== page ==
- The Couf is very fussy when it comes to mouthpieces. My go-to bari piece (a killer HR Berg) plays horribly out of tune—as do most other bari pieces I own. I even borrowed a colleague’s vintage Peter Ponzol. Found no joy there either. Only my SS Berg and my Runyon Quantum played in tune on this Couf. Each however, had its own set of problems. With the SS Berg I could not get the left palm key notes to speak past D3 unless I was going up a scale. The Quantum played the palm keys beautifully, but seemed to deaden the horn’s natural overtones—which it has in abundance.
- To solve this MP issue, I spoke to good people at Theo Wanne. The hooked me up with a Durga 3 and all’s good now. Palm keys speak exactly like they are supposed to, and the full range of the horn is in tune.
- The Couf is rich in natural overtones. Therefore, finding exactly the right reed that allows them to ring out and doesn’t deaden them, yet doesn’t turn them too brittle has been a challenge for a synthetic reed player like myself. I can hear all you purists out there yelling: USE CANE! That’s not the answer for me, since I’m doubling all the time. Harry Hartmann’s new Carbon Onyx reeds seem to be just the thing this Couf likes best on the Durga 3. I have also just started trying out some Forestone reeds. I haven’t got enough time on them yet to know which of the 4 types is best, but they show a lot of promise as well.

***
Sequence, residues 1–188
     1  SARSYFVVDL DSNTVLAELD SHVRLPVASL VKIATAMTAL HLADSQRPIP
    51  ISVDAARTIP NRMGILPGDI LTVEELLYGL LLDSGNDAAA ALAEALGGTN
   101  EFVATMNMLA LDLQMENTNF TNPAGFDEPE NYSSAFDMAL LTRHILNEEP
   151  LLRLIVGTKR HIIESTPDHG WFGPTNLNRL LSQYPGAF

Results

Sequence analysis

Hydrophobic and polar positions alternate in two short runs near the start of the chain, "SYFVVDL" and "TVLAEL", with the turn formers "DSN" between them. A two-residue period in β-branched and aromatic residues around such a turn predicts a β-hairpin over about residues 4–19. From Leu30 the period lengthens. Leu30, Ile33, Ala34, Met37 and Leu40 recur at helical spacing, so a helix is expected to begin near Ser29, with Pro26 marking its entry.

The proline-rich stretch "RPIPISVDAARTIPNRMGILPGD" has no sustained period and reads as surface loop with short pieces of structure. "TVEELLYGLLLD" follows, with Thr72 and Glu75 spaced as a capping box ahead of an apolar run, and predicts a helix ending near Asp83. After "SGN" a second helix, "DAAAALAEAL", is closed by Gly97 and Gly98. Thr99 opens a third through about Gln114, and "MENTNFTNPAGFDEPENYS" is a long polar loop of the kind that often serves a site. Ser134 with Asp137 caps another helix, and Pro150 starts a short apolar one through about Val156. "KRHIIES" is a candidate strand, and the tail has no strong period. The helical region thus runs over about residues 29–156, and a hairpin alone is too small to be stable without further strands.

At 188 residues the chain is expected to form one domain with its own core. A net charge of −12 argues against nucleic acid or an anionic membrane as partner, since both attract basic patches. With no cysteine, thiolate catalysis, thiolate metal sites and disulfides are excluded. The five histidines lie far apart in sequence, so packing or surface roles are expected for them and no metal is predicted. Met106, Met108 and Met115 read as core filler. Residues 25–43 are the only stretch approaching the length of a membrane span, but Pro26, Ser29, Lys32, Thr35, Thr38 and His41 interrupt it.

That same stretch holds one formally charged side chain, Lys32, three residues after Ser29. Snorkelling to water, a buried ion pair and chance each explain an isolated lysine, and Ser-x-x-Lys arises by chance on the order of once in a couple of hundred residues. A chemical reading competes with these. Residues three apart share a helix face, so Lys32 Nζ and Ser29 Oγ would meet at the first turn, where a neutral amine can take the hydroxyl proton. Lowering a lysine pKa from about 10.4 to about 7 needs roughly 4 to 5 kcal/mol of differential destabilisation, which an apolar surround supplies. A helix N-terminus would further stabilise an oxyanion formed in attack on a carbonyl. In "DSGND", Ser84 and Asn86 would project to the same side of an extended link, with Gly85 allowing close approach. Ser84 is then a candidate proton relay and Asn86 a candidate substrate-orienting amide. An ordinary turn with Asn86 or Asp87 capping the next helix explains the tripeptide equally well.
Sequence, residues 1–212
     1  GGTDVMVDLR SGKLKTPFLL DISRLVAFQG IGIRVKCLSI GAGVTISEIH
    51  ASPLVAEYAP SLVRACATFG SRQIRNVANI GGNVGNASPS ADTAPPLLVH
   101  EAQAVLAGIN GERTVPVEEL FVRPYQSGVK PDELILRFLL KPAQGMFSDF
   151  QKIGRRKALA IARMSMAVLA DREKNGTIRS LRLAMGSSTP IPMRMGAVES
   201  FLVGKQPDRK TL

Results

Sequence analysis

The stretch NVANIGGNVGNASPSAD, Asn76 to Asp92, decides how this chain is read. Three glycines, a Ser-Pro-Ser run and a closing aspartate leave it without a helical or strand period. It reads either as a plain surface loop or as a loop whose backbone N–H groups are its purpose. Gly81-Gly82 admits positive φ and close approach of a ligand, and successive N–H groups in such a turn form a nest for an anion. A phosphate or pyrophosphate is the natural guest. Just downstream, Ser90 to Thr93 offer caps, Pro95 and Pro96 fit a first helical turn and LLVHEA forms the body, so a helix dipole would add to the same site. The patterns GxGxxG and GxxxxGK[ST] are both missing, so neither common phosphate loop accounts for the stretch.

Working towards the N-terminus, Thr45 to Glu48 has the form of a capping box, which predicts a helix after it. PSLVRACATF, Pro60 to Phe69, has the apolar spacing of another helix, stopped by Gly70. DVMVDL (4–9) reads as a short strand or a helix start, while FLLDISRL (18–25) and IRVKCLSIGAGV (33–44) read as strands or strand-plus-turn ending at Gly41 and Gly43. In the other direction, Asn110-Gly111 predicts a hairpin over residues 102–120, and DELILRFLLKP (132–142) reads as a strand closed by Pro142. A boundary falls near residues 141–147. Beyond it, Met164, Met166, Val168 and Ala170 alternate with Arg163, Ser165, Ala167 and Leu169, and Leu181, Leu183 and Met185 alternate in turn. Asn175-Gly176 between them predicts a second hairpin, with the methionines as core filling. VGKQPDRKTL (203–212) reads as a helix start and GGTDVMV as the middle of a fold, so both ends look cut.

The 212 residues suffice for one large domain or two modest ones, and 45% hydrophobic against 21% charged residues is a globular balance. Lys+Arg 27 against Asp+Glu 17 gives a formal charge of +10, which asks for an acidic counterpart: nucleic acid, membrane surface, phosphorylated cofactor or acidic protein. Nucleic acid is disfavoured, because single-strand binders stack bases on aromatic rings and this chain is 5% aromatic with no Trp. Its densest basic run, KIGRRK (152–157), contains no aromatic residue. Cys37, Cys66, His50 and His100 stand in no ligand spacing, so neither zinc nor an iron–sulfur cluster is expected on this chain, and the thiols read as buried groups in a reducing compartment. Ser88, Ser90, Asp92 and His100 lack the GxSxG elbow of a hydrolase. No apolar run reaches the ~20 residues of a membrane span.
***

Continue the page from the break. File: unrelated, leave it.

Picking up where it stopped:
From retirements to gigging horn
This Herb Couf Black Gold Superba II baritone sax is by all accounts one very rare sax, and as such now gets treated like a queen. It gets to travel to its shows in a Bam HighTech bari case, and never rides anywhere other than on the backseat of one our Volvos. This bari gets to go to weekly rehearsal with the big band I play in, and plays all that band’s shows. It never fails to turn heads. I get at least one comment per show from someone when the Couf is out in public. It never wants for service. As one of my regular gigging horns, this Couf goes to David for regular tweaking and adjustments, and is always in top playing condition.
Herb Couf info
As I mentioned earlier on this page, when I first started to try and research the Couf brand there was very little info available. This led me to wanting to do up some Herb Couf pages that were as all-encompassing as my Hohner and D&J pages are. At present I have the first Herb Couf page done already, and I’ve started on the second and third pages as well. Before I can publish them though, I need to gather a little bit more data on the various models. I am doing this by monitoring eBay auctions and dealer sales of H. Couf saxophones, and recording a large number of the horns’ features in a spreadsheet.